Change Is Hard

…but change is certain.


Misty-eyed Christmas Pops

Friday night we attended the Ann Arbor Symphony’s Christmas Pops at Hill Auditorium where I’ve enjoyed many AA Symphony concerts with my aunt. Friday my husband sat on one side of me but there was an empty seat on the other side.

I was lucky enough to hear Sleighride and Christmas Festival again, pieces I play every year with my own community band. I have to say I think CCB’s whip instrument was more effective than the one used Friday night, but having strings really makes those pieces extra wonderful.

At one point Silent Night was filling the auditorium, voices and instruments singing softly, the sound rising up to hover near the ceiling and I thought about my aunt and how she would have loved this concert. I wished she could be there, I could imagine her, dressed in holiday red, grinning back at me as we silently acknowledged just how good it all was.

I got sort of misty-eyed.

Then I noticed some movement in the lights up near the stage. One of the big round lights near the ceiling was flickering faintly. And, as I watched, it blinked. Twice.

And I grinned.

Because I knew right then and there that my aunt had figured out a new way to grin back at me. Merry Christmas, Aunt Becky, I think you had the best seat in the house.


It’s not goodbye

I’ve been thinking about the best way to share this, some eloquent words that capture the loss our family experienced this week. But there is no easy way.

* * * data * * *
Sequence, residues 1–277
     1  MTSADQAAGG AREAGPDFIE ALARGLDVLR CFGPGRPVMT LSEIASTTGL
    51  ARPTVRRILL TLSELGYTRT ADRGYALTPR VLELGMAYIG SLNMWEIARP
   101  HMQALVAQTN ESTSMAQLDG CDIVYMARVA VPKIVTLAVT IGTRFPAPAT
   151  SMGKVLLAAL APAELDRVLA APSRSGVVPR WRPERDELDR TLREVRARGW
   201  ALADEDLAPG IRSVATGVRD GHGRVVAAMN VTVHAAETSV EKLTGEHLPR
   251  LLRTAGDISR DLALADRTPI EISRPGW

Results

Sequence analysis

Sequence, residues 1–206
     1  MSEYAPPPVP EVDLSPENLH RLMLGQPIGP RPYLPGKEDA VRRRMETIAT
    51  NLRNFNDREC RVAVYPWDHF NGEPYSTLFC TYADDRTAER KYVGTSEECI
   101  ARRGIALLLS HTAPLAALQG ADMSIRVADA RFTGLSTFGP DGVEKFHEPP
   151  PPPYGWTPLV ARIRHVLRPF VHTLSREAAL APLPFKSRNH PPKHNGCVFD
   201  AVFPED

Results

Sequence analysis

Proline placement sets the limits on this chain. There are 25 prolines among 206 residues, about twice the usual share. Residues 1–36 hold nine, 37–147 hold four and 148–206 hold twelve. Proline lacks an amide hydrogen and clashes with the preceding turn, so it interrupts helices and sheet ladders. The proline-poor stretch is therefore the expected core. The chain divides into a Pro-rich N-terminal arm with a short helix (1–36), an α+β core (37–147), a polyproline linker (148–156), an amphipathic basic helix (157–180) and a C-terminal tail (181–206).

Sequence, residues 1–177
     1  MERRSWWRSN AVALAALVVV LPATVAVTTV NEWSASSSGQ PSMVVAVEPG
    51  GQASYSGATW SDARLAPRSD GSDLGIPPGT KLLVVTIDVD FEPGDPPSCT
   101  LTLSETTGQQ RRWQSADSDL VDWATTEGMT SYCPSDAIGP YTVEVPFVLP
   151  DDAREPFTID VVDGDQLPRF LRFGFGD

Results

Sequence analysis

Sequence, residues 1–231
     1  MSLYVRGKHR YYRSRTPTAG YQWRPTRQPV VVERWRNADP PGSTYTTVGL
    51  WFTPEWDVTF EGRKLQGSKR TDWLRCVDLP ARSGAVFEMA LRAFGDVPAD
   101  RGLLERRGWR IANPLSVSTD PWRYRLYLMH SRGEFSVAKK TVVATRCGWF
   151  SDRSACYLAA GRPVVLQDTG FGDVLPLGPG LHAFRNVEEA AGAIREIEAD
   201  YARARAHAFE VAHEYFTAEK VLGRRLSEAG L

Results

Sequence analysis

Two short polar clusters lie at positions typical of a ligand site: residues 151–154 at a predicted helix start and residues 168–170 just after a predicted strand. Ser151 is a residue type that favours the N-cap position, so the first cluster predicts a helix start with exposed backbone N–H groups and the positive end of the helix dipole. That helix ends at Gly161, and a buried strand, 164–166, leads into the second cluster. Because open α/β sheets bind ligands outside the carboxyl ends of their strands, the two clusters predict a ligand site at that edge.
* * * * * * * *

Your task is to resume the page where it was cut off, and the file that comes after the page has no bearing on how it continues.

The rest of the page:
My last post, Wordless Wednesday is an image I captured in May when my aunt and I were walking through Hudson Mills Park. She was looking for dogwood and trillium. I was trying to capture as much of the experience as she’d let me.

Which means most of my images were taken from behind.

We walked slower this spring than we had the year before, took the shorter trails, gauged whether a hill was too steep or manageable. We stopped to rest on convenient benches more often. There was, after all, no hurry. In fact there was more savoring the moments because we both knew it was our last spring together.

She’d been diagnosed with a terminal cancer and she had chosen not to take any treatment. They told her she’d have a good summer, and, right on schedule, she did.

My sister and brother came up, then my sister came up two more times. We visited her as often as we could. We attended her last symphony, brought her simple suppers rather than expecting the elaborate meals she has made for us our entire lifetimes. We swam with her at her community pool, walked in her beloved Mathi gardens and the University of Michigan Arboretum.

On our last visit, she sat in a wheelchair, pulling sheets of music for my sister and me to play, music she had written when her children were small. She sang along. We played music until she seemed tired, and then we talked just a bit. “Say Hi to Dad,” my sister said, “He’ll surely be waiting for you.”

It was a gift, she said, that she had these past months to spend with her children, with us, with her friends. And so that she could plan and arrange to make things as easy as possible for her family to carry on without her.

We all cried a bit, and then had a long, last hug.

This past Monday morning she left us to say hi to her brother, my dad, and to her husband, her mother, my mother, and so many other family members who had gone on ahead. And on Saturday we all said “see you later” at the most beautiful funeral I’ve ever attended.

She had, of course, planned it all, including her own words to all of us, the hymns to be sung, the prelude and postlude played by the incredible pianist, and the bagpipes played by my sister.

The time she spent with us was our gift as well. She was a gift to all of us, her family, her friends, musicians in her beloved symphony, her neighbors, the students she taught, the community band in which she played.